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Busch leaves door open for special session

Executive BranchRushern BakerJohn Morton

House Speaker Michael E. Busch left the door open Thursday to continued efforts to reach an agreement on expanded gambling in time to call a special legislative session this summer, saying he expects to talk with the governor and Senate president to try to resolve the remaining issues.

The speaker's conciliatory message came as Gov. Martin O'Malley was releasing a statement in which he blamed the House leadership for the failure of a state work group to reach an accord on a new casino in Prince George's County.

"The commission arrived at a consensus for moving forward to resolve issues around gambling in Maryland. For some reason, the House leadership at the last minute decided they did not want to share in that consensus," the governor said. "Finding common ground will be difficult if House leadership has become invested in the notion that the Anne Arundel site should enjoy a virtual monopoly for as long as possible."

O'Malley's statement was a reference to the newly opened Maryland Live Casino at Arundel Mills. The chief opponent of a proposal to open a sixth Maryland casino in Prince George's — part of an expansion plan that legislative analysts say could generate more than $200 million a year in added state revenue —- has been David Cordish, CEO of the company that built Maryland Live.

The Senate members and O'Malley's appointees agreed on a plan that would have allowed the sixth site and legalized table games. The three House members dissented, declining to support a cut in the slot machine gambling tax that the other members believed was necessary.

O'Malley said he plans to hold conversations over the next several days with Busch, Senate President Thomas V. Mike Miller, Prince George's County Executive Rushern L. Baker III and businessman John Morton III, the work group chairman, "to resolve these lingering issues."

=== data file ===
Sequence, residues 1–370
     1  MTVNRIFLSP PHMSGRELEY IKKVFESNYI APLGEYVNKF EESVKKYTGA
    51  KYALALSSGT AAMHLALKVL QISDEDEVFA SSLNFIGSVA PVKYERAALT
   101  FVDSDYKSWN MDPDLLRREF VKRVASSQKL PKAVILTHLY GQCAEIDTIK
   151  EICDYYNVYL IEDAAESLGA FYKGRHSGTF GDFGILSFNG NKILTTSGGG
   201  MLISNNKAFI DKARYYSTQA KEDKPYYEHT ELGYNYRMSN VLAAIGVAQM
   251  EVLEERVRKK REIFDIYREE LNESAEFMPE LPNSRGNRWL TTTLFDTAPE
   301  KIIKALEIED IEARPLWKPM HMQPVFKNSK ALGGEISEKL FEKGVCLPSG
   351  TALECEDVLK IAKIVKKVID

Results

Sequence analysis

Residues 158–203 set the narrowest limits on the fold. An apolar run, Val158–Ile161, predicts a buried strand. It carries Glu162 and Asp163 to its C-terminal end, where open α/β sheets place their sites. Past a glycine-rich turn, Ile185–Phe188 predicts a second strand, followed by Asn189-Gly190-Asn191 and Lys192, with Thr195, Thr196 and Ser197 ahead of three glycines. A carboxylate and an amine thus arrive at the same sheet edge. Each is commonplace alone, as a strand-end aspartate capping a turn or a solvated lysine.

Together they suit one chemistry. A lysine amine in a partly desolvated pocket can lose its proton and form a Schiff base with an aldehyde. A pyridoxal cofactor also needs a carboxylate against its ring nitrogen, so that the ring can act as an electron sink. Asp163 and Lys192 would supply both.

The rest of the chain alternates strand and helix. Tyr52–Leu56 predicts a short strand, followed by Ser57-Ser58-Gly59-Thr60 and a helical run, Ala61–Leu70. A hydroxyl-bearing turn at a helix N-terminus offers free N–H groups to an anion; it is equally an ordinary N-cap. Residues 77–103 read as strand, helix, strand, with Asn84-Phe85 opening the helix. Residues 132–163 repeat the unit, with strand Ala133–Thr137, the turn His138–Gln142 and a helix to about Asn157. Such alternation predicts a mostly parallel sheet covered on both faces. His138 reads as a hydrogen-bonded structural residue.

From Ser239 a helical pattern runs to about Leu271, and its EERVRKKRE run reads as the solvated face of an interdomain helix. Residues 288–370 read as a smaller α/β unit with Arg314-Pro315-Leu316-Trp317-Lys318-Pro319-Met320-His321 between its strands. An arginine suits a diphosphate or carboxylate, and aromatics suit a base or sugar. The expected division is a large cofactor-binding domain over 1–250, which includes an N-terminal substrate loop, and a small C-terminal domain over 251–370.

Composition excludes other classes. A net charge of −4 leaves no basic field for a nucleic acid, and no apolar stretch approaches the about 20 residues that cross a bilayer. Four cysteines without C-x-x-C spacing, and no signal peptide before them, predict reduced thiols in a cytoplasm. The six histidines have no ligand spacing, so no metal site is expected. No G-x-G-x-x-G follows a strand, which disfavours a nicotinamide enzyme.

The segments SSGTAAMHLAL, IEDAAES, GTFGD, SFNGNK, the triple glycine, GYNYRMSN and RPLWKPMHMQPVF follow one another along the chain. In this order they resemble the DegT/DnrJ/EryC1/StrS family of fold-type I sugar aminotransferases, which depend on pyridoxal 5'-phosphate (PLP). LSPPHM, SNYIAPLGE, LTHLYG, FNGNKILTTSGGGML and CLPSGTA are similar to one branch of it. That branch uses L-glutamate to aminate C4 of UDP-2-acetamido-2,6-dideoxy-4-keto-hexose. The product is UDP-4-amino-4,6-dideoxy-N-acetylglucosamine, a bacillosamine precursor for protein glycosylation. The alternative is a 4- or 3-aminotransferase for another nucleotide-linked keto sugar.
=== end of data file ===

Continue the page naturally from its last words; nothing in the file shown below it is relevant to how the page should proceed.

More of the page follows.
Baker, a leading supporter of a proposal to locate a "destination" casino at National Harbor on the Potomac River, has called on the governor and legislators to continue talking in an effort to put the proposed special session back on track. Miller, also a backer of National Harbor's bid, has been conspicuously silent since the work group announced an impasse Wednesday, declining to return phone messages left with his staff.

Busch, an Anne Arundel Democrat, indicated that he believes the work group's job is over and that he, O'Malley and Miller will have to work out the remaining issues, which he will then discuss with his House leadership team.

"I hope to meet with the governor in the next 24 hours," Busch said. "You have to have an honest conversation with the president of the Senate."

He characterized the results of the work group's deliberations as getting "98 percent" of the way toward a consensus. He noted the panel did agree on allowing table games at all Maryland casinos, setting up a new Gaming Commission and removing restrictions on casino hours.

But Matt Gallagher, the governor's chief of staff and a member of the work group, said the administration believes the two sides are further apart than Busch described.

"I believe the governor would characterize the existing differences as still being sufficient to [prevent] that broader consensus," he said.

Gallagher said the House members' final offer — to allow the sixth casino but to leave the tax rates unchanged — was not viable. He said it's been clear through the work group's deliberations that at least two casinos, Maryland Live and a planned casino in Baltimore, would have to be compensated for the increased competition with some form of tax break.

The governor still has the prerogative of calling a special session, Gallagher said. But he said it might not be possible to keep to the July 9 target date O'Malley had set earlier.

"The governor would really like to see a resolution to this issue," he said. "I think it's difficult, but the governor remains willing to try to work with the House and the Senate."

michael.dresser@baltsun.com

Copyright © 2014, The Baltimore Sun
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